“We truly believe that global technological advancement is only possible through cooperation,” said a spokesman for Yandex The registry. “Big tech companies owe a lot to the candid results of researchers. However, in recent years, cutting-edge NLP technologies, including large language models, have become inaccessible to the scientific community as resources are only available for training to Big Tech.”
“Researchers and developers around the world need access to these solutions. Without new research, growth will slow down. The only way to avoid this is to share best practices with the community. By sharing our language model, we support the pace of development of global NLP.”
Instagram uses AI to verify users’ ages
Instagram’s parent company, Meta, is testing new methods to verify that its users are 18 or older, including using AI to analyze photos.
Research and anecdotal evidence has shown that social media use can be harmful for children and young teens. Users on Instagram provide their date of birth to confirm they are old enough to use the app. You must be at least 13 years old, and there are additional restrictions for those under 18.
Now, parent company Meta is trying three different ways to verify that someone is over 18 when changing their date of birth.
“If someone tries to change their date of birth on Instagram from under 18 to 18 or older, we require them to verify their age using one of three options: upload their ID, take a video selfie, or ask mutual friends their age review,” the company announced this week.
Meta said it has partnered with Yoti, a digital identity platform, to analyze people’s ages. Video selfie images are examined by Yoti’s software to predict a person’s age. Meta said Yoti uses a “dataset of anonymous images of different people from around the world.”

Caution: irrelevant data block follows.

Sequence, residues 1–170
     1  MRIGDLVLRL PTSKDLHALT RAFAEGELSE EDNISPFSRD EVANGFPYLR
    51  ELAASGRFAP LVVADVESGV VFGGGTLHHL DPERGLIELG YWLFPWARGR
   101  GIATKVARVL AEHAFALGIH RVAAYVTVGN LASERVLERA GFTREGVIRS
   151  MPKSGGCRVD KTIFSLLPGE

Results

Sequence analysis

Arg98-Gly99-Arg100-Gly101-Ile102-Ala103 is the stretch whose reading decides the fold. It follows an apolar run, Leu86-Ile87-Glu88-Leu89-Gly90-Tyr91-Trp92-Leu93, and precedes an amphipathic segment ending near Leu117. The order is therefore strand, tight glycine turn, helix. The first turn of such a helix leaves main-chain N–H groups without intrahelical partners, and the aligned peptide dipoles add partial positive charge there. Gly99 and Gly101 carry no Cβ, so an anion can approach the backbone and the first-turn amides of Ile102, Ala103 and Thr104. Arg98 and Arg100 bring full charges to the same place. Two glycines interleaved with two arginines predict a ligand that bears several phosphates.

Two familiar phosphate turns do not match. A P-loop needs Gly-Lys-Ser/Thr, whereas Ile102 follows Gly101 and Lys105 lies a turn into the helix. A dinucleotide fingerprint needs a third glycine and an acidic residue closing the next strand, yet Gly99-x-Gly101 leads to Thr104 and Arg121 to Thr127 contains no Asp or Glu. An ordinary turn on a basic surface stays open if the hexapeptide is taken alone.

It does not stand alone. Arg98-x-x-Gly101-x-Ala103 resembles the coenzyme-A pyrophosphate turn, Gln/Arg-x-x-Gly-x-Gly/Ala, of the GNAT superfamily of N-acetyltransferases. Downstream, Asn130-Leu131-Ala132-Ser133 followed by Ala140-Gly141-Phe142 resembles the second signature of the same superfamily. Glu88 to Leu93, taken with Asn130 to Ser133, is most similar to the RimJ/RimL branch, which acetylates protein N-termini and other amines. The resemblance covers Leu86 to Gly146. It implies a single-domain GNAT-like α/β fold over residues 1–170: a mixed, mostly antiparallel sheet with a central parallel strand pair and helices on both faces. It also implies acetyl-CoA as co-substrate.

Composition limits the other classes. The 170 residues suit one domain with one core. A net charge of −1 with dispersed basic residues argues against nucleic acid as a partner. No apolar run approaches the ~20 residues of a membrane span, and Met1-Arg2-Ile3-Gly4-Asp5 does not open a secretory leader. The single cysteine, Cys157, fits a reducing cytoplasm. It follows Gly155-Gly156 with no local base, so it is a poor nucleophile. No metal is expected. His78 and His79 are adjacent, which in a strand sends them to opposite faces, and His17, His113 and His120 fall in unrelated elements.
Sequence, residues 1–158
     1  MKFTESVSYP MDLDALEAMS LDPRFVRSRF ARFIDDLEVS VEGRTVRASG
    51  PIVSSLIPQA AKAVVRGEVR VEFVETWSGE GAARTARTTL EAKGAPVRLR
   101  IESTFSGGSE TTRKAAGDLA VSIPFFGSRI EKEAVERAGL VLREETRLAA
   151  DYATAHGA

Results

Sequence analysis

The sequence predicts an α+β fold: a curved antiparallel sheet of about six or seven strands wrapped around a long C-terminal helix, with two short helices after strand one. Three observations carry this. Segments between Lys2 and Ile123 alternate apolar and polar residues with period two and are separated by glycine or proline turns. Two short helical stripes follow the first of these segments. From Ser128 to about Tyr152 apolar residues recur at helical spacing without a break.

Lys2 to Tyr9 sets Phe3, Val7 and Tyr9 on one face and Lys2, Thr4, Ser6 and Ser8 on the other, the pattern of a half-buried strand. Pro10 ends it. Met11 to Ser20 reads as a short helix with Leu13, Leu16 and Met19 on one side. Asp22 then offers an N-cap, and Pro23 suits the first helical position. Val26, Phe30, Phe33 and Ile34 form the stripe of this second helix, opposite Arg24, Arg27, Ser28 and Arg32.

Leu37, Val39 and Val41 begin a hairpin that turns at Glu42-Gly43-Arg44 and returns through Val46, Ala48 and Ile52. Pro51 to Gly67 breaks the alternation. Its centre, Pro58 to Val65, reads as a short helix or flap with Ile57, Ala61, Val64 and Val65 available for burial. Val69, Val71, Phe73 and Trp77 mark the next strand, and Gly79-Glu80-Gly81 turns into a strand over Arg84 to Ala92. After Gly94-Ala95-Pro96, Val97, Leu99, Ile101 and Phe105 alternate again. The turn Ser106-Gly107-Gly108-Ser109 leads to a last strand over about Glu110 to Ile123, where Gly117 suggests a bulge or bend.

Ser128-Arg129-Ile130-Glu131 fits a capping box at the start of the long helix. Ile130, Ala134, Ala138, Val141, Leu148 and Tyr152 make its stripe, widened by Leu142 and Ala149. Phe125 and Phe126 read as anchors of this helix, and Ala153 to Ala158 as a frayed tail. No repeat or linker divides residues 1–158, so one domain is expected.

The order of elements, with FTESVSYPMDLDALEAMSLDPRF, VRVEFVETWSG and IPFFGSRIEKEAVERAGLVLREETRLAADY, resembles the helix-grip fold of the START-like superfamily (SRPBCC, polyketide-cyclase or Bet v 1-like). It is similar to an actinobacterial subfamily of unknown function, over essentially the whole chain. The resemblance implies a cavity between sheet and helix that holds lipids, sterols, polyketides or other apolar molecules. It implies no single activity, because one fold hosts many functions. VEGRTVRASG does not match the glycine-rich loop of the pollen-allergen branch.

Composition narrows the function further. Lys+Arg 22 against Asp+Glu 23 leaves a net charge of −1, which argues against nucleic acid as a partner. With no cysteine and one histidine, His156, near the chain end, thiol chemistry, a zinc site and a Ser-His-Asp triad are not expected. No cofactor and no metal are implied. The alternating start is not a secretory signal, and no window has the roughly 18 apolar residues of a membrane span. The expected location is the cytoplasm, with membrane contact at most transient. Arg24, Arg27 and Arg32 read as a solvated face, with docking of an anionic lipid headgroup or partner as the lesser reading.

GPT-4chan was a bad idea, researchers say
Hundreds of academics have signed a letter condemning GPT-4chan, the AI language model trained on over 130 million posts on the notoriously toxic internet message board 4chan.
“Large language models, and more generally base models, are powerful technologies that carry a potential risk of significant harm,” began the letter, led by two Stanford University professors. “Unfortunately, we, the AI community, currently lack common norms for their responsible development and use. Still, it is imperative for members of the AI community to condemn clearly irresponsible practices.”
These types of systems are trained on large amounts of text and learn to mimic the data. Feed GPT-4chan what appears to be a conversation between netizens and it will continue to add more fake gossip to the mix. 4chan is notorious for its relaxed content moderation rules – users are anonymous and can post anything as long as it’s not illegal. Unsurprisingly, GPT-4chan also started spewing text with similar toxicity and content scores. When it was released on 4chan, some users were unsure whether it was a bot or not.
Now experts have criticized its creator, YouTuber Yannic Kilcher, for irresponsibly using the model. “One can imagine a reasonable case of training a language model on toxic language – for example, to detect and understand toxicity on the internet, or for general analysis. However, Kilcher’s decision to use this bot does not satisfy a sanity check. His actions deserve blame. It undermines the responsible practice of AI science,” the letter concluded. ®
https://www.theregister.com/2022/06/27/in_brief_ai/ Cerebras sets record for largest AI model on a single chip • The Register